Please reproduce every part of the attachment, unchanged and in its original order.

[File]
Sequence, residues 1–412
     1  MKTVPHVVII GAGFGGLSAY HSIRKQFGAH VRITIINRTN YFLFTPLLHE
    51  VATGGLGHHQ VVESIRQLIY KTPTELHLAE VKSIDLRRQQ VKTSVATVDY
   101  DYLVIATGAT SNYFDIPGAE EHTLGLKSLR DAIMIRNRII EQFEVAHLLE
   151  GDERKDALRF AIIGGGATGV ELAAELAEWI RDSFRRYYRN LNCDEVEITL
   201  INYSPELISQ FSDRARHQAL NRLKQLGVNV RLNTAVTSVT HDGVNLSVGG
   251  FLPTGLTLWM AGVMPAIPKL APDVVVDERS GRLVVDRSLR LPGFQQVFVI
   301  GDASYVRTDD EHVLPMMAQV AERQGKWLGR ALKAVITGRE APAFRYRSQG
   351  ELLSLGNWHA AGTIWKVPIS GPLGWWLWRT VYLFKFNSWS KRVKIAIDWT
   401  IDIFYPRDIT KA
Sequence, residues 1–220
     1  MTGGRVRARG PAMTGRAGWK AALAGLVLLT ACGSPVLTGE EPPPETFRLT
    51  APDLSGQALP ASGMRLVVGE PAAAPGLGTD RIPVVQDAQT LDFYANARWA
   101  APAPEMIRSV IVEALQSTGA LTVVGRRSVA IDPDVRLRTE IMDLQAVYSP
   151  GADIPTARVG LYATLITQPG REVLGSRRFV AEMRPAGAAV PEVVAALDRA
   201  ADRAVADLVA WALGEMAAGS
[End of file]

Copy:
Sequence, residues 1–412
     1  MKTVPHVVII GAGFGGLSAY HSIRKQFGAH VRITIINRTN YFLFTPLLHE
    51  VATGGLGHHQ VVESIRQLIY KTPTELHLAE VKSIDLRRQQ VKTSVATVDY
   101  DYLVIATGAT SNYFDIPGAE EHTLGLKSLR DAIMIRNRII EQFEVAHLLE
   151  GDERKDALRF AIIGGGATGV ELAAELAEWI RDSFRRYYRN LNCDEVEITL
   201  INYSPELISQ FSDRARHQAL NRLKQLGVNV RLNTAVTSVT HDGVNLSVGG
   251  FLPTGLTLWM AGVMPAIPKL APDVVVDERS GRLVVDRSLR LPGFQQVFVI
   301  GDASYVRTDD EHVLPMMAQV AERQGKWLGR ALKAVITGRE APAFRYRSQG
   351  ELLSLGNWHA AGTIWKVPIS GPLGWWLWRT VYLFKFNSWS KRVKIAIDWT
   401  IDIFYPRDIT KA
Sequence, residues 1–220
     1  MTGGRVRARG PAMTGRAGWK AALAGLVLLT ACGSPVLTGE EPPPETFRLT
    51  APDLSGQALP ASGMRLVVGE PAAAPGLGTD RIPVVQDAQT LDFYANARWA
   101  APAPEMIRSV IVEALQSTGA LTVVGRRSVA IDPDVRLRTE IMDLQAVYSP
   151  GADIPTARVG LYATLITQPG REVLGSRRFV AEMRPAGAAV PEVVAALDRA
   201  ADRAVADLVA WALGEMAAGS